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J Chem Ecol. 2009 May;35(5):552-9. doi: 10.1007/s10886-009-9639-z. Epub 2009 May 9.

Neonate silkworm (Bombyx mori) larvae are attracted to mulberry (Morus alba) leaves with conspecific feeding damage.

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Department of Entomology, University of Illinois at Urbana-Champaign, 505 S. Goodwin Ave, Urbana, IL 61801, USA.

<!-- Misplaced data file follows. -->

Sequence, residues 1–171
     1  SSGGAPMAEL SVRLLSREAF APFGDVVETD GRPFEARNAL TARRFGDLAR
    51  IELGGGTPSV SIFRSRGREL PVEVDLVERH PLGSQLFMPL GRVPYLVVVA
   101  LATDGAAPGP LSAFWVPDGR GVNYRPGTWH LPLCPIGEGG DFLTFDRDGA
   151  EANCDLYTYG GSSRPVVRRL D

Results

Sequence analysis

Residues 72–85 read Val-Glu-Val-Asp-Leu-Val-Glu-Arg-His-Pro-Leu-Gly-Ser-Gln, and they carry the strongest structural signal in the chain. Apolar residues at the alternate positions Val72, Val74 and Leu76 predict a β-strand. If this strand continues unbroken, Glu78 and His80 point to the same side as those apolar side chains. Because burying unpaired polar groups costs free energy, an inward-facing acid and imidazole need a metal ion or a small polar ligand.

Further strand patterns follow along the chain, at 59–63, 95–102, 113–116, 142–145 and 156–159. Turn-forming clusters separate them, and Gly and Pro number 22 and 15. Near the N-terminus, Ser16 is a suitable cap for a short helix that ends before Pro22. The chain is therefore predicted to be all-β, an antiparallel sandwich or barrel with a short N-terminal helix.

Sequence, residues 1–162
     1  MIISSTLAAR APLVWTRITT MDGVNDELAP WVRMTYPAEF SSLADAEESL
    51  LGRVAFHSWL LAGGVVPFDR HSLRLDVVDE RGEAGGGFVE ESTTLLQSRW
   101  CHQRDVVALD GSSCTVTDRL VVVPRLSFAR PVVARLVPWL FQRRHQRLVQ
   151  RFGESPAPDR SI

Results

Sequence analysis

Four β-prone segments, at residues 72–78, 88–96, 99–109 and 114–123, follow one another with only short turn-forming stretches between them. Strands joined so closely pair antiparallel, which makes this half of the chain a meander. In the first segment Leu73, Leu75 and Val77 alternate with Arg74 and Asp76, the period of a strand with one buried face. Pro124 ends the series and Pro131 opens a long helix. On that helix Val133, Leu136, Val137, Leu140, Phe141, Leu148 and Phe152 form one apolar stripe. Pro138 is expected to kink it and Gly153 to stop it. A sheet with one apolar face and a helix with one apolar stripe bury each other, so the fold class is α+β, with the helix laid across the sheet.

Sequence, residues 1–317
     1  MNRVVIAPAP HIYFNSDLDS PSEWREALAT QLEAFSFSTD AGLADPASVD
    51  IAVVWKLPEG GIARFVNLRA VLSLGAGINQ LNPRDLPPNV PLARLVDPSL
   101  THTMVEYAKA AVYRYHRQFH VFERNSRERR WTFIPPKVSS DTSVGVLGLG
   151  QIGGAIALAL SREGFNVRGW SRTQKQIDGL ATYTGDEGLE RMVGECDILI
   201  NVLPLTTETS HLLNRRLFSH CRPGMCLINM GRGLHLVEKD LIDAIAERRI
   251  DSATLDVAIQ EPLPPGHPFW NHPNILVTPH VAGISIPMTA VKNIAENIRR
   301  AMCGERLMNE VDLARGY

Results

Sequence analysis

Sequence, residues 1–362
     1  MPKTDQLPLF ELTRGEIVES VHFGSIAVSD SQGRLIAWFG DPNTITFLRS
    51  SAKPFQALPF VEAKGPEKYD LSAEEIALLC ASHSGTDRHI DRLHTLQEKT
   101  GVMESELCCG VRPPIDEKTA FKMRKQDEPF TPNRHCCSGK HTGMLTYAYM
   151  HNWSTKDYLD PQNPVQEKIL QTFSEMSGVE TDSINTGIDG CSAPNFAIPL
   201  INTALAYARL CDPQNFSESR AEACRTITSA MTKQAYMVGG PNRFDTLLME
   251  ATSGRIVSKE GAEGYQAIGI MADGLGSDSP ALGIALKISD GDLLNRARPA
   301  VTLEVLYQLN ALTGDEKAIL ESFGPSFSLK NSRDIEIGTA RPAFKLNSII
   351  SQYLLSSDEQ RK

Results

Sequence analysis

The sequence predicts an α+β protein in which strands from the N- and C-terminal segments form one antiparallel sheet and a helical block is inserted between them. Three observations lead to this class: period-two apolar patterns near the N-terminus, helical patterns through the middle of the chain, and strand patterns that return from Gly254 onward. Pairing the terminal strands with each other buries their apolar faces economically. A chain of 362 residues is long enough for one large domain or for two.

The silkworm Bombyx mori is a molecular genetic model for the Lepidoptera. Its odorant receptor genes have been described, and preliminary studies suggest that several are expressed specifically in the larval caterpillar stage. This study was undertaken to identify olfactory behaviors specific to the larvae. A two-choice leaf disk bioassay with naive neonate larvae was used to evaluate the attractiveness of three types of mulberry leaf (Morus alba): newly flushed leaves from branch tips, mature leaves, and mature leaves with feeding damage caused by conspecific larvae. Mature leaves with feeding damage were the most attractive, newly flushed leaves were moderately favored, and undamaged mature leaves were the least attractive. Volatile odors collected from whole mulberry leaves by using solid-phase microextraction fibers were analyzed by gas chromatography-mass spectrometry. The volatile profile of newly flushed leaves and mature leaves damaged by conspecific larvae was more complex compared to undamaged mature leaves. By comparing the volatile makeup of each leaf type, a list of 22 candidate odors responsible for attracting the neonate larvae was generated; alpha-farnesene was particularly notable as a herbivore-induced volatile. These odors will be used in future in vitro studies to determine whether they activate larval-specific odorant receptors.

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